For me, the most frustrating part about traveling alone used to come at the end of the day, when I’d call my beau at home. “How was Machu Picchu? I saw your tweet and it looked incredible,” he’d say, eager for a full rundown. I would have absolutely loved it if he could have been there with me in Peru, or at the Three Gorges Dam in China, or across from me at dinner in London. But he wasn’t. And if you’ve ever tried to express a life-changing experience after an exhausting day on the road, you know how impossible it is. “It was great,” I’d reply. “You feel like you can touch the sky.” “That’s so cool,” he’d say. “I hope I can go back with you.”
I’ve come to learn that it’s better to wait until I get back to really share my experience. That doesn’t mean I don’t miss my man, because I do, a lot. But my work and my wanderlust have led me to travel alone more often than not, and I’ve grown to embrace it, and even crave it. When I’m alone, extraordinary things happen on ordinary days all the time.
Here are three reasons I love hitting the road solo:
1. I am the master of the day. How often can you do exactly what strikes your fancy, and indulge every whim you might have? Traveling alone can be like a giant playground for adults, and there’s no one around to tell you when recess is over. I can stay up late and sleep in or call it a night at 9:00 p.m. and wake up to watch the sunrise. I get to linger as long as I want on a sunny day in a beautiful park, or talk to the cheesemonger at a local market for an hour. Or I can rush through five sites in thirty minutes. The experiences are mine and mine alone, so I’ve had to really learn to like myself, and enjoy spending time with me. Inspiration often strikes, so I have a notebook and pen at the ready. Sky’s the limit.
2. I become a braver person. New York is one of the safest major cities in the world, and I have never felt afraid walking the streets, even late at night, in quieter neighborhoods off the tourist track. Living in the city has enabled me to approach new places with a sense of openness to new experiences — to feel caution, not paranoia. When I’m alone, I tend to reach out to people and culture more than I might otherwise because I don’t have a security blanket to fall back on. In my experience, the world is full of good people who want to help you and show off the places where they live. There are exceptions, of course, but I trust the hairs that stick up on the back of my neck. Instincts are everything when you’re traveling, but especially when you’re traveling alone.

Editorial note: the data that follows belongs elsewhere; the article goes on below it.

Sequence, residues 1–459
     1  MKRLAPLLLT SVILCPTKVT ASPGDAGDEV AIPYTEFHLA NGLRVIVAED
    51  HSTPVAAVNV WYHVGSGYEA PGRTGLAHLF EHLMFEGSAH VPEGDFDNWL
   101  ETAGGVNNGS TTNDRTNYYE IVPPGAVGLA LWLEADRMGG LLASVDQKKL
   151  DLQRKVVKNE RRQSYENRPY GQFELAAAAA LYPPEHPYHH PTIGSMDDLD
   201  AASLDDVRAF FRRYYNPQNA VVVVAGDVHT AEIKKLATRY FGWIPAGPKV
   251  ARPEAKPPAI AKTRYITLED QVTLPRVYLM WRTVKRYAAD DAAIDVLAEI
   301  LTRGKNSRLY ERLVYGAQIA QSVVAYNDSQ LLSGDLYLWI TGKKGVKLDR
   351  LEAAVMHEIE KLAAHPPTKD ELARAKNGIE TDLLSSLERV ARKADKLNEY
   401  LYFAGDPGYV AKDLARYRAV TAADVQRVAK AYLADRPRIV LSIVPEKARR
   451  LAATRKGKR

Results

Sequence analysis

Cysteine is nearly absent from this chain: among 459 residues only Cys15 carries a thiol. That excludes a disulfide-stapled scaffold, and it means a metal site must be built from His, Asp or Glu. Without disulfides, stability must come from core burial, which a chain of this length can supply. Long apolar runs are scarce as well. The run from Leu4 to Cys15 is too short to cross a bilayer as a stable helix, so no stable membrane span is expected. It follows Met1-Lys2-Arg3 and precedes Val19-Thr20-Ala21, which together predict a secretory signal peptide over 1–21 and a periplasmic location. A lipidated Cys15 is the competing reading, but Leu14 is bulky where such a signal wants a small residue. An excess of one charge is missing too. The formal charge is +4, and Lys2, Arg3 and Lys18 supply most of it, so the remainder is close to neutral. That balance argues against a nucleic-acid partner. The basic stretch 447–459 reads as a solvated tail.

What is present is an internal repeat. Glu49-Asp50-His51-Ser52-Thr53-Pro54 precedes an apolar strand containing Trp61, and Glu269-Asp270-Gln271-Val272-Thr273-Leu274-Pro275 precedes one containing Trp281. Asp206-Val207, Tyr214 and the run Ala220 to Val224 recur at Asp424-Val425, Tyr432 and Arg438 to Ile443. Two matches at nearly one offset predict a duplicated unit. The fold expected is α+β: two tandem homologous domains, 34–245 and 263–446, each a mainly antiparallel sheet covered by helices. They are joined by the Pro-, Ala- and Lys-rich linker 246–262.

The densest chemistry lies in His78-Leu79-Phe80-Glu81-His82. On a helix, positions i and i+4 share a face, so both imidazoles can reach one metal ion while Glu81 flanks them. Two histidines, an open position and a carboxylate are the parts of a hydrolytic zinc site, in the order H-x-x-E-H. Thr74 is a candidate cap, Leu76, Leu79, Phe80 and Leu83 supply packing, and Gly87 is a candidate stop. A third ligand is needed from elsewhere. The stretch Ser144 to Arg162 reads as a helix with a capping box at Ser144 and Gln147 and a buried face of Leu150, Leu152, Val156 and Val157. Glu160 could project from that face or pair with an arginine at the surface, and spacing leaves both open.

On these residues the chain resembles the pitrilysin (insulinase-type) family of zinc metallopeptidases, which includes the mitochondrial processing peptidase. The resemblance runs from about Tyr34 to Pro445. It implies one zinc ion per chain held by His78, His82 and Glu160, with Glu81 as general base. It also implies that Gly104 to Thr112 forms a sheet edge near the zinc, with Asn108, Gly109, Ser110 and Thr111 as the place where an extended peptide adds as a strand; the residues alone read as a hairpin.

3. I get to eat what I want. I love eating at restaurants alone, wherever I happen to be. Many solo travelers prefer eating at the bar because it allows for the possibility of striking up a conversation, but there are times when I don’t feel like playing the “get to know you” game. I’ll sit at the bar if I really love the bartender (Walter at Hotel Cipriani in Venice is the best in the world), but usually I try to snag a table so I can experience the restaurant as most guests would. (If the host betrays a hint of disdain or sniffs “Oh, just one?” when I walk in, I leave.) And, on those days when you’ve run yourself ragged, there is no better way to soothe your soul than a little old fashioned room service. I usually limit myself to one night of indulgence per trip, which makes it feel more special.
- Nat Geo Expeditions